>Interested in selling your bungalow in the Los Angeles hills? Ten years ago, you could hire a realtor, put the home up on the market, and be done with it. However, these days, The New York Times is reporting that before you can sell your house, you’ve got to have it professionally staged.
>Buyers don’t want to see an apartment filled with your mismatched furniture, and they don’t have the imagination to picture an empty space filled with home goods. That’s where the stager comes in: They create a sophisticated design by using white sofas, textural rugs, and clean lines. A staged apartment is important because it will usually help a home sell faster (and at a higher price).
>While staging is nothing new, the role of the stager has evolved: “In the past, many stagers focused on decluttering and implementing minor tweaks in furnished homes. Or they appointed vacant apartments with basic rental furniture to prove that rooms were large enough for regular sofas and queen-size mattresses,” explains Tim McKeough. “Today, they are increasingly tackling all-out transformations that aim to present compelling contemporary design, while projecting a complete aspirational package.”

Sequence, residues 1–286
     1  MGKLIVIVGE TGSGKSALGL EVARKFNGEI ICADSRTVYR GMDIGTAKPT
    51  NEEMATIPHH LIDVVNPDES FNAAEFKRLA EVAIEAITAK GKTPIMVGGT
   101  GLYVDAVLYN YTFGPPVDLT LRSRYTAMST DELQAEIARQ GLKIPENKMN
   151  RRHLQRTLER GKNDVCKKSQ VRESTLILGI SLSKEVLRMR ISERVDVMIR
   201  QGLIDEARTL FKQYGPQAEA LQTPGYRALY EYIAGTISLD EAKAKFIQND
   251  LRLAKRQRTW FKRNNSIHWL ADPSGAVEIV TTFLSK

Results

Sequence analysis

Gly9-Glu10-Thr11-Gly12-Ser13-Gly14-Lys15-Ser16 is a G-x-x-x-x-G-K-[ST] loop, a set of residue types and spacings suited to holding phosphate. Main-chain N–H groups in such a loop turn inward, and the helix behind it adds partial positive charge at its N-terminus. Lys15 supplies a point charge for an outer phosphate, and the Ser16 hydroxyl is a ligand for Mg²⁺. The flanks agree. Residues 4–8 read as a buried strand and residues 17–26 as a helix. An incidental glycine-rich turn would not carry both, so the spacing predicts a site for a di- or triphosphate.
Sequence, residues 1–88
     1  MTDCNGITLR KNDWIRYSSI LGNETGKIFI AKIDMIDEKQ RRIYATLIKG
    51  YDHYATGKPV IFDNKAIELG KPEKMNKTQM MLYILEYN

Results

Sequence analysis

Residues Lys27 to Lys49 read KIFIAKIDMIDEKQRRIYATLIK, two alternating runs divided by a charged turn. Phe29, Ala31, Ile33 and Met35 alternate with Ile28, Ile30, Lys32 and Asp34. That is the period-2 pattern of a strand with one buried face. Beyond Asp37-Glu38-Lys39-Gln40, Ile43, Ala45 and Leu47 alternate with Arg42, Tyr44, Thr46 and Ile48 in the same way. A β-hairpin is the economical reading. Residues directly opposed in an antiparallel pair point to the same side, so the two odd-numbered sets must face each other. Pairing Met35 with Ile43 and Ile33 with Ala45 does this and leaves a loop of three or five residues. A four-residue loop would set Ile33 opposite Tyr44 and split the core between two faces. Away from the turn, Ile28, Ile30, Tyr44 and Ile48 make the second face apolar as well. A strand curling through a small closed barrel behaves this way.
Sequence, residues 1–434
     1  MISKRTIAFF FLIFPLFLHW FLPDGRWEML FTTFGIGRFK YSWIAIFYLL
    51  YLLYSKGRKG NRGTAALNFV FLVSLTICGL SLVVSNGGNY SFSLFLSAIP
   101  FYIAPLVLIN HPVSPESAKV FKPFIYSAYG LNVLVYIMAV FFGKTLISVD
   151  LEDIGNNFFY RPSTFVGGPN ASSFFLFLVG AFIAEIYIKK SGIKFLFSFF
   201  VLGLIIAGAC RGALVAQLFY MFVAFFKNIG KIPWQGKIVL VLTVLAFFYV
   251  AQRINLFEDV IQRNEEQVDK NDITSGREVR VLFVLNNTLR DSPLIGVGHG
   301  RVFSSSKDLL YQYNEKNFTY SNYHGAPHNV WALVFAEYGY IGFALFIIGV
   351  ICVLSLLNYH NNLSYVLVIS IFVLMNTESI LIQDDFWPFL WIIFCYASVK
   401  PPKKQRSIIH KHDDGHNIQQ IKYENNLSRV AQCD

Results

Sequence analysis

>When buyers tour a property, they don’t want to see just the rooms, they are looking for a lifestyle—a lifestyle that they are more exposed to thanks to shelter magazines, websites (like the one you are reading), and television shows like Million Dollar Listing. The story recounts several examples of New York properties selling only after the owners reluctantly agreed to staging. The reason for their hesitancy? The amount it costs to hire a stager: For a small two bedroom apartment, it’s at least $10,000. With a townhouse or larger apartment, it can cost $100,000 or more.
>Thinking about staging your own home? Read The Stage Coach Book of Staging Tips for Home Sellers to learn how it’s done.
>Would you pay to have your house staged?